The GRE Analytical Writing Assessment (AWA) section comprises two essay tasks: the Issue essay and the Argument essay. Test takers are allotted 30 minutes for each essay. The Issue essay asks you to respond to a statement or a claim that relates to politics, education, technology, or culture. Essentially, you have to take stance on the given claim and defend your stance. The Argument essay asks you to find the flaw in the logic behind an author’s position. The position is provided in a paragraph or “the argument” and thus requires a thorough reading of the given argument.

How are the essays scored?

Each essay receives a score by a human grader and an e-rater score on a scale of 0 to 6. If these scores differ by less than 0.5, the human score stands. If they differ by more than 0.5, a second human scores the essay, and the two human scores are averaged to get a final score. The e-rater score won’t supplant the human score(s).

What do the graders look for?

Your essay needs to be clear, coherent, and cogent.

You must express your stance and ideas in a clear manner. If you jumble your words or simply throw in unnecessary words or your ideas are ambiguous, you will get a low score. Your essay should have a set of ideas [ideally 3 arguments that will make up the 3 main body paragraphs] that logically connect to one another. That is when your essay is coherent.

Secondly, you should provide convincing evidence to back up your thesis/claim. You can throw in some vague, hypothetical example, but doing so won’t make your essay cogent. Give an example that is a verifiable fact or a relevant personal anecdote.

The other factors that the human grader assesses are:

Style – an essay, albeit with good arguments and examples, with broken or run-on sentences and unsophisticated vocabulary will be scored lower than an essay with proper syntax and GRE-level vocabulary. However, make sure you do not make ill-use of the diction. Use a word only if you are sure of its actual and/or contextual meaning.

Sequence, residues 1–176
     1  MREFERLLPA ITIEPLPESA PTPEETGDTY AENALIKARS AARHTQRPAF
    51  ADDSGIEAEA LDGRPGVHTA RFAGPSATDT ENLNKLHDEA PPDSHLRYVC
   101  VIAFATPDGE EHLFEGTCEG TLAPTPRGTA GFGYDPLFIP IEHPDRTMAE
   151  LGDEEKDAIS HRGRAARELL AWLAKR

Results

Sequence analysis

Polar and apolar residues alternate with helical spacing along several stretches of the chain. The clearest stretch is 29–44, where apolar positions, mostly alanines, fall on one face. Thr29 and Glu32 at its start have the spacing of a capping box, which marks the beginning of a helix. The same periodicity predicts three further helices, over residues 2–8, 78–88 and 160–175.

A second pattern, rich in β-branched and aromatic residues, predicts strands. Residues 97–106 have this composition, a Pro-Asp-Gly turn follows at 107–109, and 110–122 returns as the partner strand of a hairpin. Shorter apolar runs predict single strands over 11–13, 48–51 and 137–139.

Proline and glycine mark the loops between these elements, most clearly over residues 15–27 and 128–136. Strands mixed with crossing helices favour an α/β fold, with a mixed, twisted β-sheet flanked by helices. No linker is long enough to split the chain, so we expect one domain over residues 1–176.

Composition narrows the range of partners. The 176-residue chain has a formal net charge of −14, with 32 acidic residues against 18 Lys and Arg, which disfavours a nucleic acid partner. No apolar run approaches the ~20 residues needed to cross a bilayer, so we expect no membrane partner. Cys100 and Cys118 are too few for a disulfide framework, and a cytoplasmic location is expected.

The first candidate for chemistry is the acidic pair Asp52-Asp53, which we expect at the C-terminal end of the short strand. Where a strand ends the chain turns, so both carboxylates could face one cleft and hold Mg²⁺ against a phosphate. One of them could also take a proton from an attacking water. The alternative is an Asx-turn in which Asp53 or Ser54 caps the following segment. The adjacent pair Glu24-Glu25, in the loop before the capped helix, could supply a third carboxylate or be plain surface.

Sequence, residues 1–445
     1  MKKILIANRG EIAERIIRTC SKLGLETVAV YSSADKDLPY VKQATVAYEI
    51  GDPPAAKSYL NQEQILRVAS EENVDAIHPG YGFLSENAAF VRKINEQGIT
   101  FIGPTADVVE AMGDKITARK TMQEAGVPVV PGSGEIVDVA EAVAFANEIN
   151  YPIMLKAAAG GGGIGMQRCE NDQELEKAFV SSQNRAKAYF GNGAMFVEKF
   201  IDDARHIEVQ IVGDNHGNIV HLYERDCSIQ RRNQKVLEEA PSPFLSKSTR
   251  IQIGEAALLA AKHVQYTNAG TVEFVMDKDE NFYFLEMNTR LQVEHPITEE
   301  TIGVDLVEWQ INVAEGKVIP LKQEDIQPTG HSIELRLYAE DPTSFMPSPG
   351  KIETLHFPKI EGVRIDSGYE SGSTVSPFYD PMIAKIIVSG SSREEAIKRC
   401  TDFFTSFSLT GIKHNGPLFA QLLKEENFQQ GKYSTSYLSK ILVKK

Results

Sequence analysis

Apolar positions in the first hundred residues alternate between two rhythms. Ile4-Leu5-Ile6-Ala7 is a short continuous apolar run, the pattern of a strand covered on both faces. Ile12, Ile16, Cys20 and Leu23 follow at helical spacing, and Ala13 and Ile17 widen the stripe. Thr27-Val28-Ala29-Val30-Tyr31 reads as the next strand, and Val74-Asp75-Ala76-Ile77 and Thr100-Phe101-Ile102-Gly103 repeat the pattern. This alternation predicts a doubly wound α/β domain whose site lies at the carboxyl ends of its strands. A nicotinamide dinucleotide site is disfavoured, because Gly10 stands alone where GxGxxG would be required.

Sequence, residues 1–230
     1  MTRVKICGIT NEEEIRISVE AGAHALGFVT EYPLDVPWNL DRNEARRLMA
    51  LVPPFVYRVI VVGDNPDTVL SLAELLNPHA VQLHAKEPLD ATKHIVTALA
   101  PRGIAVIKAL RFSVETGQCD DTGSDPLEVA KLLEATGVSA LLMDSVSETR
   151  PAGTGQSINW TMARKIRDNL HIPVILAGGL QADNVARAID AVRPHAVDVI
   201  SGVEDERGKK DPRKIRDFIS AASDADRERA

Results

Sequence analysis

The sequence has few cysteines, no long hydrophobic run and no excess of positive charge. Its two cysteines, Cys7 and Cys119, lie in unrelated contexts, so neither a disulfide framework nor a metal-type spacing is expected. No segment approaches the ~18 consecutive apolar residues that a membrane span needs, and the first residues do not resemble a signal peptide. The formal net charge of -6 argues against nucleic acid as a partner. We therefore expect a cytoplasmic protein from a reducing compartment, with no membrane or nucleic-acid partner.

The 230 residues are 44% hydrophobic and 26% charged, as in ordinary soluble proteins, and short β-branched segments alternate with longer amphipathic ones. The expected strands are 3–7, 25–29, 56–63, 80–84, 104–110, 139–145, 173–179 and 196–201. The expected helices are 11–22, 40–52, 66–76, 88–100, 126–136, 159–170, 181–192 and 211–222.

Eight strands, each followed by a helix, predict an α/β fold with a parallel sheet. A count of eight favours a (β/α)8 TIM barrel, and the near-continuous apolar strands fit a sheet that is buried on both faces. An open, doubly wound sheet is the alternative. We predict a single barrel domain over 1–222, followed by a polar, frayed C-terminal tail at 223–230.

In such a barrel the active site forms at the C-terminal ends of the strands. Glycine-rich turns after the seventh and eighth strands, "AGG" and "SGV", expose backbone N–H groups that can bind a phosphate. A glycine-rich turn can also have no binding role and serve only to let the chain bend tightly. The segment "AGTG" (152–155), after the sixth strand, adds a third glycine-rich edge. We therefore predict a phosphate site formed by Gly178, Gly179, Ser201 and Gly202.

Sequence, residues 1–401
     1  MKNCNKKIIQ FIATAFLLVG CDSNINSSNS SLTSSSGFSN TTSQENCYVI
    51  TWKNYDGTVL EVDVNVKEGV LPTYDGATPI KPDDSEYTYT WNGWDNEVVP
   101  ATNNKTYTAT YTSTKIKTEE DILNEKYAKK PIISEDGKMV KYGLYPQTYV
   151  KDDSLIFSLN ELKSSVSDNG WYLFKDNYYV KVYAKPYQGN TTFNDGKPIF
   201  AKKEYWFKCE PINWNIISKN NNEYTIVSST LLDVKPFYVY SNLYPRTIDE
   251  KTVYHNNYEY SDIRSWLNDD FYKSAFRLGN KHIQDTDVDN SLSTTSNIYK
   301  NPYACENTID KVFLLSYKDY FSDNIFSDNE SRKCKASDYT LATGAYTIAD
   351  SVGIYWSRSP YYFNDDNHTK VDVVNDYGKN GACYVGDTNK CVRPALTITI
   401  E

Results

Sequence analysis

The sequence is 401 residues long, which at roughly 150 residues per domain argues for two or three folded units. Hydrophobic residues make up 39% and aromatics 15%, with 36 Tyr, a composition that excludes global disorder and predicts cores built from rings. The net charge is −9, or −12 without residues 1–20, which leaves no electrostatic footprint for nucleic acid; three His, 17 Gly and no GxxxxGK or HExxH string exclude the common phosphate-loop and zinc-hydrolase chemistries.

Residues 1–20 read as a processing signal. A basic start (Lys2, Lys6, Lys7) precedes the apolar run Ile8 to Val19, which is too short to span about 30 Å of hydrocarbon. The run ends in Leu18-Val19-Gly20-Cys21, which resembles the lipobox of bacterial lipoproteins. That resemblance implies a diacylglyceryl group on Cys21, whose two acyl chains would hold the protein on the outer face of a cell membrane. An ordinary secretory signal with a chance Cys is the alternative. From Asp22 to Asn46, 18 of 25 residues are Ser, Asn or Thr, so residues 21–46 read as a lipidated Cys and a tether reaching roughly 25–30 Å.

Grammar & Spelling – Even though the graders won’t nit-pick at grammar, grave grammatical errors will cost you points. Incorrect subject-verb agreement, improper use of pronouns, and misspelled common words can negatively impact your score. However, one or two minor grammatical mistakes won’t stop an essay from getting a perfect score, as long as everything else about the essay is perfect.

Note that the graders take around 30 seconds to grade an essay. They scan to make sure that you have clearly organized your information and that your paragraphs begin with a topic sentence, explain your argument, and flow into examples that support your argument. The graders make sure you have written a conclusion that summarises and re-iterates what you’ve already stated.

How long do my essays have to be?

Believe it or not, of two essays that are identical, except for the length, the longer one will receive the higher score. That doesn’t mean you should scribble away, giving unnecessary, irrelevant information, hoping that a 1000 word essay will automatically give you a 6. Substance matters. Ideally, you should write a five-paragraph essay with an introduction para, three main body paragraphs, and a conclusion. The ideal word limit for Issue essays in between 550 and 650 words and for Argument essays is between 500 and 600 words.

Note that six short paragraphs of 4 sentences each do not mean a long essay. The length of the paragraph matters. Each paragraph should be of approximately 100 words, and each of those paragraphs has to flow logically and defend your thesis.

The E-rater

The e-rater evaluates how you write, not what you think. It will, primarily, asses and score you on the following criteria:

  1. Grammar (subject–verb agreement, etc.)
  2. Usage (then vs. than, etc.)
  3. Mechanics (spelling and capitalization, etc.)
  4. Style (redundancy and passive voice)
  5. Organization (thesis statement, main points, supporting details, examples, conclusions)
  6. Development (main points precede details and examples)
  7. The use of vocabulary

However, the e-rater doesn’t understand the meaning of your essay nor does it make a reasonable judgment about the essay’s overall quality. Hence, to get a higher score from an e-rater, make sure your grammar and diction are proper. For instance, in the Argument essay, instead of writing “The manager says that…”, write “The author of the argument concludes that…”. Use words such as author, conclusion, premise, reasoning, justification, assumption, insufficient evidence, etc. to boost your scores.